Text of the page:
FDA decision on lovo-cel for SCD now expected by year’s end
Sickle cell gene therapy would be first approved in US
The U.S. Food and Drug Administration (FDA) is expected to decide before year’s end on whether or not to approve the experimental gene therapy lovotibeglogene autotemcel — known as lovo-cel — for people with sickle cell disease (SCD) who have a history of painful vaso-occlusive crises (VOCs).
The regulatory agency has agreed to review an application from lovo-cel’s developer, Bluebird Bio, requesting the gene therapy’s approval for SCD patients ages 12 and older. Moreover, the FDA has given the application priority review, shortening its review time from the usual 10 months to six months.
A decision is now expected by Dec. 20. If approved, lovo-cel would be the first sickle cell treatment in the U.S. that targets the disease’s underlying genetic cause.
“The FDA’s acceptance of our BLA [biologics license application] for lovo-cel moves us one step closer in bringing a potentially transformative therapy to the sickle cell disease community that is long overdue, and we are grateful to the patients, caregivers, researchers, clinicians, and community leaders who have enabled this exciting milestone,” Andrew Obenshain, CEO of Bluebird, said in a company press release.
“We look forward to working with the agency on its review,” Obenshain added.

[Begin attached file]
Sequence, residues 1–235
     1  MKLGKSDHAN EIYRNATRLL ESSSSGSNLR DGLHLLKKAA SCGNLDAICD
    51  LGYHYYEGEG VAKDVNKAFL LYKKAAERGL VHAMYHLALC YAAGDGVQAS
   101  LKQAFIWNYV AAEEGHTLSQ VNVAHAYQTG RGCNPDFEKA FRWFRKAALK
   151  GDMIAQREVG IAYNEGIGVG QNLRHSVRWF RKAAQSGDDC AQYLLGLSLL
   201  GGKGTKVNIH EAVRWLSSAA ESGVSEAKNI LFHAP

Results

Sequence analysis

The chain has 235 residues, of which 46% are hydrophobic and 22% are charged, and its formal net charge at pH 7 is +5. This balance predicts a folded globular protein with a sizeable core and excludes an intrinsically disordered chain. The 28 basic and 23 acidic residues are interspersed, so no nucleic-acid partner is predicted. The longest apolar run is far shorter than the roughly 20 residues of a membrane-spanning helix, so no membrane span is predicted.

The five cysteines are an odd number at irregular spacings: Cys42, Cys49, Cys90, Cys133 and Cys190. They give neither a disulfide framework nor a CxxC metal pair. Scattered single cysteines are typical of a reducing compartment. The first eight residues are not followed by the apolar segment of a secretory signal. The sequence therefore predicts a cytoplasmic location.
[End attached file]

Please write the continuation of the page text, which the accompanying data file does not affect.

Ongoing trial of sickle cell gene therapy still recruiting patients
SCD is caused by mutations in the HBB gene, which provides instructions for making part of hemoglobin — the protein that red blood cells use to carry oxygen through the bloodstream. As a result of HBB mutations, patients produce an abnormal form of hemoglobin, called hemoglobin S, which forms clumps inside red blood cells, deforming them into the sickle-like shape that gives the disease its name.
Lovo-cel, previously known as LentiGlobin or bb1111, is designed to deliver a modified version of the HBB gene to a patient’s hematopoietic stem cells (HSCs) — the stem cells responsible for giving rise to new blood cells. This modified form of HBB allows cells to produce an altered version of hemoglobin that is resistant to forming clumps, with the aim of reducing red blood cell sickling and associated disease symptoms.
Bluebird’s application to the FDA was based on data from 36 sickle cell patients, ages 12 to 50. All were treated with the gene therapy in an ongoing Phase 1/2 clinical trial called HGB-206 (NCT02140554). Most of these patients have been followed for more than 2.5 years since receiving the therapy.
The application also includes efficacy data from two patients followed for at least 1.5 years after receiving lovo-cel in the Phase 3 HGB-210 trial (NCT04293185). That trial is still recruiting patients, ages 2 to 50, at more than a half dozen sites across the U.S.
Also included in the application are safety data from 50 patients given lovo-cel, including six individuals who have been followed for at least six years since receiving the therapy. According to Bluebird, this is the longest follow-up of any gene therapy program for sickle cell.
Lovo-cel has previously been granted orphan drug, fast track, regenerative medicine advanced therapy (RMAT), and rare pediatric disease designations by the FDA. All of these designations aim to incentivize and speed the development of therapies with the potential to improve care for rare disorders.